Waiting might be the new pastime in Rockaway. Residents wait for sand replenishment, for Build It Back to get started, for a new boardwalk, insurance payments, building permits, and so on. With all this waiting, it’s easy to overlook a soaring symbol of idleness – the Neponsit Health Care Center, closed since 1998.
Nearly sixteen years after it was abruptly closed on orders from the Giuliani administration, the beachfront property sits unused and decaying but costing the city plenty.
The Neponsit property, located at 149-25 Rockaway Beach Boulevard, is maintained by the New York City Health and Hospitals Corporation (HHC), and it pays a lot of money for it to sit idly. The various buildings aren’t being used but HHC says it pays $266,000 annually for security and basic repairs to the property. When asked about Sandy damage, HHC made no mention of flood damage but said that “the property sustained significant damage to the guard booth and fencing as a result of Hurricane Sandy.” The cost for repairs: $139,000.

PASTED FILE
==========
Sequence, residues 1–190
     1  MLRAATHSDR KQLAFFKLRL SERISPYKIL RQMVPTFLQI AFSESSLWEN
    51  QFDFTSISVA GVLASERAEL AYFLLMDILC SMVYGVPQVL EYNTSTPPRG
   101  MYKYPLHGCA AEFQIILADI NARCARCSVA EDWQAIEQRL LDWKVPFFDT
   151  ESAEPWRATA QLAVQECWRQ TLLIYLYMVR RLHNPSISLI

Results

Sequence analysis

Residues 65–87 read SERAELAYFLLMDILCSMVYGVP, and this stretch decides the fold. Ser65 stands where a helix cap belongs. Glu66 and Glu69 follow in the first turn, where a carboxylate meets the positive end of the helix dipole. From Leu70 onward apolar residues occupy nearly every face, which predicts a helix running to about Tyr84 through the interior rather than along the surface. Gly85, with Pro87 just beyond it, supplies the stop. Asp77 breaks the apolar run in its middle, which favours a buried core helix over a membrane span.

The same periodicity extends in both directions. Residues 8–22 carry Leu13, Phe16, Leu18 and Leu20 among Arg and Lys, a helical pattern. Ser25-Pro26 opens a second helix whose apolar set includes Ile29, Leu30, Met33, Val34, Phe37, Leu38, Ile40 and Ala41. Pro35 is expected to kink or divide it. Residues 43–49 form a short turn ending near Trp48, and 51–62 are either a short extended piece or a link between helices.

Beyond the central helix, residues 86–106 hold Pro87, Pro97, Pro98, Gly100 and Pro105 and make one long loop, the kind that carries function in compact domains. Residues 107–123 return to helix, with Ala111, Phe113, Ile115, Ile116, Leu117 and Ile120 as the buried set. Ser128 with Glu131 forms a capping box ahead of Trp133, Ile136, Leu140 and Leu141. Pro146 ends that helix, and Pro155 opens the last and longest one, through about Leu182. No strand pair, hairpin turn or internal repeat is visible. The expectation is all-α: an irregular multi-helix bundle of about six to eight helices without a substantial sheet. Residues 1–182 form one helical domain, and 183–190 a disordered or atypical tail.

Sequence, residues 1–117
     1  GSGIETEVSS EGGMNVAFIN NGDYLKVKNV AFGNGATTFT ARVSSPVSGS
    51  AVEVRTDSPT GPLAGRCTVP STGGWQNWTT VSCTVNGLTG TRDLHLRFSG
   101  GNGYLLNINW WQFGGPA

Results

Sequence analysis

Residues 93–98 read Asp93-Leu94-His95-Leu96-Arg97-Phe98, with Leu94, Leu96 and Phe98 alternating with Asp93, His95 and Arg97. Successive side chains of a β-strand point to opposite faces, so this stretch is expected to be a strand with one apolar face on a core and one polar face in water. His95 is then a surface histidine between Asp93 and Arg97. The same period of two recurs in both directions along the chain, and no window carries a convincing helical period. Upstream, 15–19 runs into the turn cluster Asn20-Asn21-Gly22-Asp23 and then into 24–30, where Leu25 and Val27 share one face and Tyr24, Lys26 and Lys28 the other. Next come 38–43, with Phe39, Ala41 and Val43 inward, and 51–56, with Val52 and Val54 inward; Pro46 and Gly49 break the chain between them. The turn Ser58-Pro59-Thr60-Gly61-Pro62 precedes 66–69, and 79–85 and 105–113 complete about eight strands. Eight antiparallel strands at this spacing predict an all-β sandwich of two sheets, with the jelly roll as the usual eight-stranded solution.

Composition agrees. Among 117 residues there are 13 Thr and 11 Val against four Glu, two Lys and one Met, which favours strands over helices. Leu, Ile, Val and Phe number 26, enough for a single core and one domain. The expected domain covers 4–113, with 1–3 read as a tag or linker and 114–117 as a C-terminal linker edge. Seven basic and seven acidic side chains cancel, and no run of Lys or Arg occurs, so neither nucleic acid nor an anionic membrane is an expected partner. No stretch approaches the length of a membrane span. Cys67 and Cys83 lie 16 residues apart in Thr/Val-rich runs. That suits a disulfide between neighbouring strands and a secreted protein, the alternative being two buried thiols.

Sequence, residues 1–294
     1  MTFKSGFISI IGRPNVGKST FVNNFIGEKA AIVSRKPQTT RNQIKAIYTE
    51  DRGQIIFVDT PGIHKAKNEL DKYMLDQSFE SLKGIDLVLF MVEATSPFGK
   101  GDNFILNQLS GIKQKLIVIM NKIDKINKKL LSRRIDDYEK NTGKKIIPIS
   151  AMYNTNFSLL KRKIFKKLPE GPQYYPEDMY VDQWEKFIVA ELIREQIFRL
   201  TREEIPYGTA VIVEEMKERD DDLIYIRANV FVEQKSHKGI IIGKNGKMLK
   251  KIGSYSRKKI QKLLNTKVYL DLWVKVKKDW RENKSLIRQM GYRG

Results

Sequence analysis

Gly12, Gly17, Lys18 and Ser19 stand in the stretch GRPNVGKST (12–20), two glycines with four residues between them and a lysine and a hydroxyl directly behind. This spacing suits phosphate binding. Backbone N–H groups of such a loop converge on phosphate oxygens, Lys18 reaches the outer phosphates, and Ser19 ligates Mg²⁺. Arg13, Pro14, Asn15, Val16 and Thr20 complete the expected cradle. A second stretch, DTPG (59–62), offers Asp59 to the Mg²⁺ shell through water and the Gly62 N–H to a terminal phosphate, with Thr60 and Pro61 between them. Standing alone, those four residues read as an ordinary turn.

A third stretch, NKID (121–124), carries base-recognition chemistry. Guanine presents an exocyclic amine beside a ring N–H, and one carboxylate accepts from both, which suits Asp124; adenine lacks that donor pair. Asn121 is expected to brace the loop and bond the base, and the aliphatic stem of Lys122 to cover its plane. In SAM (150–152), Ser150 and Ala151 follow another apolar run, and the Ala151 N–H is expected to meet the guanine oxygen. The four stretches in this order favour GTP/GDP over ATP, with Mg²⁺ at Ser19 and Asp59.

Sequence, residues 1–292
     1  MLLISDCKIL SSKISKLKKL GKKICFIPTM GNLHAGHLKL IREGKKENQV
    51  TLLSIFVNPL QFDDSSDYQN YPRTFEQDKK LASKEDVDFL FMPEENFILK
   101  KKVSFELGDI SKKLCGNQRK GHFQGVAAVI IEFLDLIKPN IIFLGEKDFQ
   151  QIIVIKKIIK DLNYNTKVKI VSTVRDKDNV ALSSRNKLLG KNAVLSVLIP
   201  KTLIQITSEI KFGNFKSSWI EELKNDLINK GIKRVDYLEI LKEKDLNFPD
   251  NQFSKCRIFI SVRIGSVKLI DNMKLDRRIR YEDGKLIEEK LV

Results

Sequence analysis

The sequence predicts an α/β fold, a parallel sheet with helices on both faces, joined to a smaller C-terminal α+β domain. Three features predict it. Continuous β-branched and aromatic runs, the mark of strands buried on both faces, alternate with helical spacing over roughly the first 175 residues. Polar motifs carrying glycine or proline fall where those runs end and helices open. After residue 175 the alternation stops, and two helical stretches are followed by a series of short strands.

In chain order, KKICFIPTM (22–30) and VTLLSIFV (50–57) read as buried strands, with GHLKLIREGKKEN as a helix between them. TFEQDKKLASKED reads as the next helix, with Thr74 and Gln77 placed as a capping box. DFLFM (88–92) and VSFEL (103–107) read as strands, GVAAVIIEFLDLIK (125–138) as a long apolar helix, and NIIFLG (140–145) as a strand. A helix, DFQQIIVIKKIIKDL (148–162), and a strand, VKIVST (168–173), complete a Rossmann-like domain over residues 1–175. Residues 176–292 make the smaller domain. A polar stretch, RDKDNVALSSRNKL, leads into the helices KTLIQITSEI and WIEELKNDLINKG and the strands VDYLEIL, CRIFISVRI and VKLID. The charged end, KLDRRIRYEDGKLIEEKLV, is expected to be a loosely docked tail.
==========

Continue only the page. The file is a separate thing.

Even though it is has been pouring hundreds of thousands of dollars every year into the crumbling eyesore, HHC says it has “no plans for a new structure or new use of the property.”
A covenant in the deed for the land says that it can only be used for a park or a public health facility and this can only be changed by an act of the state legislature.
Many ideas for the land have been presented at various meetings. A hearing was held in November 2006 as HHC wanted public comment on a plan to turn over the facility to the City of New York and opening the site to the development of single family homes. This idea received mixed reviews. Some community members offered alternative suggestions such as a hotel, a school and a rehabilitation center for “Wounded Warriors.” Following the hearing, the HHC vote to turn the property over to the City was postponed indefinitely and the buildings continue to go unused. The carrying costs continue as well.
The land can only be used as a park or health facility, so naturally, the city wanted to develop it into homes.